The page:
Mixing Cricket and Political Terror?
-By Swetha Amit
It is said that the true essence of anything is snatched away when diluted with some other flavour. While it is seen in the case of perishable goods, one cannot ignore this aspect with regard to current affairs as well, especially when it comes to areas like Sports, Politics or Art.
It is no mystery to millions that Pakistan has been subjected to dire straits on a constant basis. What with the terror activities resurging at an alarming rate, this neighbour of India no doubt has received a lot of flak. To an extent where hatred has developed in the minds of many and quite a few have shown their disdain towards Pakistan with respect to Cricket. The beginning of the T 20 World cup exhibited several individuals writing off Pakistan, be it as an underdog team or one which didn’t deserve to win.
Yesterday’s victory after 17 years undoubtedly has brought in a cheer for a country which has been in the news for all the wrong reasons possible. Not to mention their own civilians who are lurking in the jaws of death, continuous bombings and are on the brink of barbarism. With such catastrophe, one would cease to look for a silver lining amidst the dark cloud which Younis Khan and the men of green have invariable done with immense grit and determination. It was a pleasant feeling to receive some good news about Pak for a change. Not many have let that incident about Sri Lankan players being attacked slip their minds. Therefore it enhanced a feel good spirit to see both the teams in the finals play the sport with fervour despite the runners up losing a few wickets in the earlier part of the game.
While some have graciously accepted this victory, there are quite a few who unfortunately have exhibited their displeasure. This denotes a case where the sporting factor is enticed away. Why mix Cricket and Political terror? Why displace one’s anger towards a group of extremists and fundamentalists on the 11 players who are in no way involved in such atrocities or for that matter against a whole nation? Inhabitants in that country face the same feeling of fear and terror and linger in a hope of seeing a peaceful nation. Terror, racism exists all over the world. Why shoot all the arrows of animosity in one direction alone?
One can sense that displeasure would have surpassed the normal levels had India lost to Pakistan in the finals. While it is understandable to feel disappointed on seeing their favourite team lose, one should learn to take the game in a sporting manner. True sports lovers are the ones who take winning with pride and losing in their stride instead of bashing a team for the wrong reasons. It’s all about the game eventually, which calls for an appreciative applause for a good innings. The phrase ‘You win some you lose some’ isn’t coined without a purpose. Meanwhile, it’s time to relish the real flavour of Cricket and smile as we see a country celebrate its winning streak.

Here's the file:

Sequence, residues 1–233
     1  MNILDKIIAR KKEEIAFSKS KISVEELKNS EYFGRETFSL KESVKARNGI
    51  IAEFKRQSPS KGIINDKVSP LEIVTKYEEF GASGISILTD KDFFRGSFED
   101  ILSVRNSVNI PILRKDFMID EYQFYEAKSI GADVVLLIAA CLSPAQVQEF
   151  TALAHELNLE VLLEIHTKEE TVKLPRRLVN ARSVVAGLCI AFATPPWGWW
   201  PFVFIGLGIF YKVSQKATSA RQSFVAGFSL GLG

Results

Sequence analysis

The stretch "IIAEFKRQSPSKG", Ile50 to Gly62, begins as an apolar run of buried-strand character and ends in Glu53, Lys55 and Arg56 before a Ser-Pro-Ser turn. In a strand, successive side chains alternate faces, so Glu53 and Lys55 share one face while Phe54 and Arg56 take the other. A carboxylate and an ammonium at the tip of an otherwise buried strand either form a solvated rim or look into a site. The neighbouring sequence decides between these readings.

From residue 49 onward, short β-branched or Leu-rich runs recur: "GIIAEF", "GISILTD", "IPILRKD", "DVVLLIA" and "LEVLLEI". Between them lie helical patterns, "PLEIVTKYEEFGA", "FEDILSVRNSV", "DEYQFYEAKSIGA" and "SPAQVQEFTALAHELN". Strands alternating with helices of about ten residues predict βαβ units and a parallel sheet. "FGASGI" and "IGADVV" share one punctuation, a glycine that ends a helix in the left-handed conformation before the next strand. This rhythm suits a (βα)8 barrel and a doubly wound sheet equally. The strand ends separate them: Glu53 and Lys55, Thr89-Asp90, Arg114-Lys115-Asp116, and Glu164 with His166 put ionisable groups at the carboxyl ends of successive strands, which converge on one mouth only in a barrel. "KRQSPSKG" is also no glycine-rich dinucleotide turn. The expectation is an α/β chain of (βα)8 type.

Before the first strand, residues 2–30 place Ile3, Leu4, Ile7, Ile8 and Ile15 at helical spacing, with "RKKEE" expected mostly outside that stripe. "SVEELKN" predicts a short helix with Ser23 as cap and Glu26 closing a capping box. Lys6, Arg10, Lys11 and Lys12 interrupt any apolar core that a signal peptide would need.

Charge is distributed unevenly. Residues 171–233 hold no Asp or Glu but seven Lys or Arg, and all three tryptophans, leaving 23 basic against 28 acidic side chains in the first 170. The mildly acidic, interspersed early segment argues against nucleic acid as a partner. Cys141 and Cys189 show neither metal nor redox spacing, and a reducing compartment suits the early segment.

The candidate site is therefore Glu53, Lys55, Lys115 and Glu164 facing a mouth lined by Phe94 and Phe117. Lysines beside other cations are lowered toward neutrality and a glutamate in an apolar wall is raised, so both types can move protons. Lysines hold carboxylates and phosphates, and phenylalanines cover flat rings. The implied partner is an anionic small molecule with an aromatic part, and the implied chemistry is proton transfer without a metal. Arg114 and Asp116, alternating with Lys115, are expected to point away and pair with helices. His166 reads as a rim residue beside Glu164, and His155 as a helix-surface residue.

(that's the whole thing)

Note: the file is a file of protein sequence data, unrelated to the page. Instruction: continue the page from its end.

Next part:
Written for www.msn.co.in
Streaks of immaturity
-By Swetha Amit
What began as a casual conversation ended up as one that instigated thought provoking questions within me. After the exchange of the usual pleasantries and polite inquiries, the topic somehow took a turn that delved deep into the human psyche. Being a Psychologist, human behaviour, thoughts, actions, words uttered never fail to evoke fascination and curiosity. A few experiences narrated by those conversationalists made me realize how common such instances were and probably occurred in most people’s lives including mine.
One of them chose to narrate an incident in a social set up. Apparently amidst a group of friends, discussions taking place range from tongue in cheek remarks to intense ones which give rise to pertinent points of heated arguments. And if it is not ended amicably, it could result in a lot of resentment and bad blood, especially when unwarranted labelling happens. Such was the case with the person above.
Things apparently got out of hand when a sensitive topic was discussed to which this person decided to end it with a certain amount of assertiveness. To which the reaction was labelled as being impish and needed a lot of ‘growing up’. Yet strangely after a few weeks, the same man who labelled him as reactive behaved in a similar manner in another scenario as a pretext of being assertive. What puzzled my friend was the fact of why such behaviour was termed immature when the same individuals ended up doing the same thing at a later stage. And yet they seem to think their act was anything but childish.
Another instance narrated to me took place in a household set up. A file consisting of important documents was misplaced due to which my second friend obviously exhibited signs of being flustered. The feeling was understandable as those were official papers and she was answerable to her boss. To which her parents remarked stating she was acting like a seven year old instead of empathising or helping her search for the file. After a month or so, when her father faced a similar situation and she remarked the same, he retorted stating that it was important enough to cost him his job.